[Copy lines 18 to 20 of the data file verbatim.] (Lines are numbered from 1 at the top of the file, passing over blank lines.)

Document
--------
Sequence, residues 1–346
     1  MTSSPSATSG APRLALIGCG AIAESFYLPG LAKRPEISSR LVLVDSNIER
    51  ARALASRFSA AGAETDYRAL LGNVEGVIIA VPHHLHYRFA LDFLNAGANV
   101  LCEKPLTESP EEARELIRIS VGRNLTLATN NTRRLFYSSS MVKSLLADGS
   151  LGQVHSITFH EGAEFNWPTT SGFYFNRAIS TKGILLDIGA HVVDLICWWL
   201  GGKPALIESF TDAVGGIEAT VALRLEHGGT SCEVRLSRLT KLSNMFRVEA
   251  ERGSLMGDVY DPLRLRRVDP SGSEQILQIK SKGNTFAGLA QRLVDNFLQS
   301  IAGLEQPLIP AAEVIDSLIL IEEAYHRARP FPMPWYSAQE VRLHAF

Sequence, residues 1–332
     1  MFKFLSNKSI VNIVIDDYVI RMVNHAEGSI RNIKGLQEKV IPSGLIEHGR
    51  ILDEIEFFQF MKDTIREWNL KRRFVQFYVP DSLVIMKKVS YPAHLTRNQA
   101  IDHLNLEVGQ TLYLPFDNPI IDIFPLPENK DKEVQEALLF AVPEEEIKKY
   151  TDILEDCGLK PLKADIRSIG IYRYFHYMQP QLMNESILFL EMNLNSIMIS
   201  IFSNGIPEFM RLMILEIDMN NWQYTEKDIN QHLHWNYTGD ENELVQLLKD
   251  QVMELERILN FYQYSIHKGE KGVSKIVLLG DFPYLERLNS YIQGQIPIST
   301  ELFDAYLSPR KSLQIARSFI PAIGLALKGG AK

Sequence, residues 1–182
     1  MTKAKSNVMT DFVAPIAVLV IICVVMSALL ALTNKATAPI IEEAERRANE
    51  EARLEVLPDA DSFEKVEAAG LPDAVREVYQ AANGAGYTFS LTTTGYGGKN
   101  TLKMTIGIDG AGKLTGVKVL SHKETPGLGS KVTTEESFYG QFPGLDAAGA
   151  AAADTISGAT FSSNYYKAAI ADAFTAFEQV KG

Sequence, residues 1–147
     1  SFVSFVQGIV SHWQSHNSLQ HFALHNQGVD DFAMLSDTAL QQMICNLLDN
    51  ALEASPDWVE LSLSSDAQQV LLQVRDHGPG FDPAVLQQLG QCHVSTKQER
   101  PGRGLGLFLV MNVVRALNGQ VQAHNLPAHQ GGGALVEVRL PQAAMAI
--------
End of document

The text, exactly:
     1  MTKAKSNVMT DFVAPIAVLV IICVVMSALL ALTNKATAPI IEEAERRANE
    51  EARLEVLPDA DSFEKVEAAG LPDAVREVYQ AANGAGYTFS LTTTGYGGKN
   101  TLKMTIGIDG AGKLTGVKVL SHKETPGLGS KVTTEESFYG QFPGLDAAGA